NC - Inside the Plan to Protect North Carolina's Coastal Habitat
State agency leader discusses benefits of strong safeguards—and what comes next
North Carolina’s bays and estuaries are ecologically rich environments that support a wide range of plants and animals, and attract millions of visitors who come to fish, hunt, and otherwise enjoy these extensive ecosystems. The state has long been a leader in effective coastal conservation and, as it does every five years, is updating its Coastal Habitat Protection Plan (CHPP), which state agencies use to guide their work. To learn more about the CHPP, The Pew Charitable Trusts, which is working with partners in the state to protect vital coastal habitats, spoke with Anne Deaton, a supervisor in the Habitat and Enhancement section of the North Carolina Division of Marine Fisheries.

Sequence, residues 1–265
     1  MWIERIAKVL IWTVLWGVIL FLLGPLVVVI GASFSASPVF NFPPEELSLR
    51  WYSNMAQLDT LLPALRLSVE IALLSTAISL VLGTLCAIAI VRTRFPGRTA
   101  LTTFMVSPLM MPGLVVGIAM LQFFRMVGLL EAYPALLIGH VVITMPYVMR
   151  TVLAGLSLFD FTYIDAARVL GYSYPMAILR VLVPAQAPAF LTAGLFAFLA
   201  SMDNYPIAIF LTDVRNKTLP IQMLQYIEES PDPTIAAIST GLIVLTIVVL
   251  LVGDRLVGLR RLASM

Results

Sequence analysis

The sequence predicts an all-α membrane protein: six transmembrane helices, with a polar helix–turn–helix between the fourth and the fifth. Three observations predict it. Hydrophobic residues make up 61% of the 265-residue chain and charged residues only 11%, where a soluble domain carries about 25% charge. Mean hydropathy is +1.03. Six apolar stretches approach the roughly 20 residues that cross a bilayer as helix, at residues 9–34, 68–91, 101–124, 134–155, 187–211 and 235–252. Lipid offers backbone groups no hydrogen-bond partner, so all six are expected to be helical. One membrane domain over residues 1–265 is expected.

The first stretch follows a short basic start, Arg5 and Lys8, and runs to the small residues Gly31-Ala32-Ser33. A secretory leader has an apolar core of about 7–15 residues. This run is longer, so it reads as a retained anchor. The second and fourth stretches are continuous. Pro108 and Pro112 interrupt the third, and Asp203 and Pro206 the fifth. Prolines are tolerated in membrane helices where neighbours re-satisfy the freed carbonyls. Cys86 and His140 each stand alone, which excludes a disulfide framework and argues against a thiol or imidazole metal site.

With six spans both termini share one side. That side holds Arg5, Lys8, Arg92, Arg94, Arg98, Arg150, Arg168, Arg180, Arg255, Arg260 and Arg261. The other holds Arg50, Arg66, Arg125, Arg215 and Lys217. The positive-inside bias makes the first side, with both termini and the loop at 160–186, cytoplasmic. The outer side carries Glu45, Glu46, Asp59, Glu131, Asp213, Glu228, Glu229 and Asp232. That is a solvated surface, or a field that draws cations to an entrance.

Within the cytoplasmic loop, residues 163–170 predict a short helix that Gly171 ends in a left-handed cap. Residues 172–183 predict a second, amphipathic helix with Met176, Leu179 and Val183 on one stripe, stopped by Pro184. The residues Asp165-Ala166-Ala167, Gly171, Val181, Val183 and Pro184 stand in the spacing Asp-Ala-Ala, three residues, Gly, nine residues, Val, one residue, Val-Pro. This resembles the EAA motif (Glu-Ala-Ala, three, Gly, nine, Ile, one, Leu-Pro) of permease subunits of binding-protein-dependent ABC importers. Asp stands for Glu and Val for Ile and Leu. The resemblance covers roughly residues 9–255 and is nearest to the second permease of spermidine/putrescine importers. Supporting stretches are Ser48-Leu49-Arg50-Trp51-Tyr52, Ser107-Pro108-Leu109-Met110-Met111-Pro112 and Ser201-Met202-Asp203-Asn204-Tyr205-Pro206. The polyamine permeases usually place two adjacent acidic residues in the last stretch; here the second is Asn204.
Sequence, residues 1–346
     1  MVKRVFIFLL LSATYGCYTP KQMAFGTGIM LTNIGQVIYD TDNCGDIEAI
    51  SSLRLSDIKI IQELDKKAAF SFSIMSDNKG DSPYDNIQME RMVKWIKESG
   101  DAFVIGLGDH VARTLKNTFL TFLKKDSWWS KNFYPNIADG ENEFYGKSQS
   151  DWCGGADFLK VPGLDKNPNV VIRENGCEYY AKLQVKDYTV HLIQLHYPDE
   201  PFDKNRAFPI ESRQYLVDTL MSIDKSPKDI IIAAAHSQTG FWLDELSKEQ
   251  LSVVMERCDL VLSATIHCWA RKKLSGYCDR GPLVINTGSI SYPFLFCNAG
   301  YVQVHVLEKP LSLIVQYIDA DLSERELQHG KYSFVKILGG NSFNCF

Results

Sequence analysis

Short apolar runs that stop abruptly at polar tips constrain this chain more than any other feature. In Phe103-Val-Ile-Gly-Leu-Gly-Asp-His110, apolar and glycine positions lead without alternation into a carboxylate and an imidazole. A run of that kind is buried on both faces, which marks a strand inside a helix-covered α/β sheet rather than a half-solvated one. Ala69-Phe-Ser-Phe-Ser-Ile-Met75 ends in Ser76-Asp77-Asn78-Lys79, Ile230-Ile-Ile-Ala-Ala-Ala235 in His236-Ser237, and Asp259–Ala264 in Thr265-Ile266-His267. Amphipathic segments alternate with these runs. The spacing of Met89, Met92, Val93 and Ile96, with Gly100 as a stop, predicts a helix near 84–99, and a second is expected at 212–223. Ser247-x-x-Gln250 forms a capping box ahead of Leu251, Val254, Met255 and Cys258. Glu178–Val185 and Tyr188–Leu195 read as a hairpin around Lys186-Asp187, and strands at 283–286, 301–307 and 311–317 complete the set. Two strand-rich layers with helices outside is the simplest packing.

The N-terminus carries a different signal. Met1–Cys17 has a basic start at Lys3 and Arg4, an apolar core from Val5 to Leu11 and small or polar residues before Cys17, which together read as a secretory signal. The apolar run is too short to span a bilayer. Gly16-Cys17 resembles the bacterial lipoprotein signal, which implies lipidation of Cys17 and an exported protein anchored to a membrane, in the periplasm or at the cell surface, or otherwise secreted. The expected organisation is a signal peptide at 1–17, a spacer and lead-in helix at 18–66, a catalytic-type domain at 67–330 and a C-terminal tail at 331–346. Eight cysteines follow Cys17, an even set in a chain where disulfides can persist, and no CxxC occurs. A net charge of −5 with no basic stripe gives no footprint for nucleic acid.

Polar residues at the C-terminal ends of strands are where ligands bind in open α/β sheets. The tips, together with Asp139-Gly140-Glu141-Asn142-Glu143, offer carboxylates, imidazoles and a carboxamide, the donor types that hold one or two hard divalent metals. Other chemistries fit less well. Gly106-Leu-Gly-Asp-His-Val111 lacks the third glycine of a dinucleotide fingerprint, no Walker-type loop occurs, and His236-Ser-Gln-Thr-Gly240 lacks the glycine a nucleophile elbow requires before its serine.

This interview has been edited for clarity and length.
Q: What drew you to work on coastal and marine issues?
A: I always knew I was happiest outside, near the water. In the small town I grew up in, we had a creek in our neighborhood that went to the lake, and that’s where you could find me and my friends most of the time. When my family moved to Raleigh, North Carolina, I fell in love with the coast. We went there all the time, and I’d go clamming with my dad. I knew I wanted to have a career doing what I loved.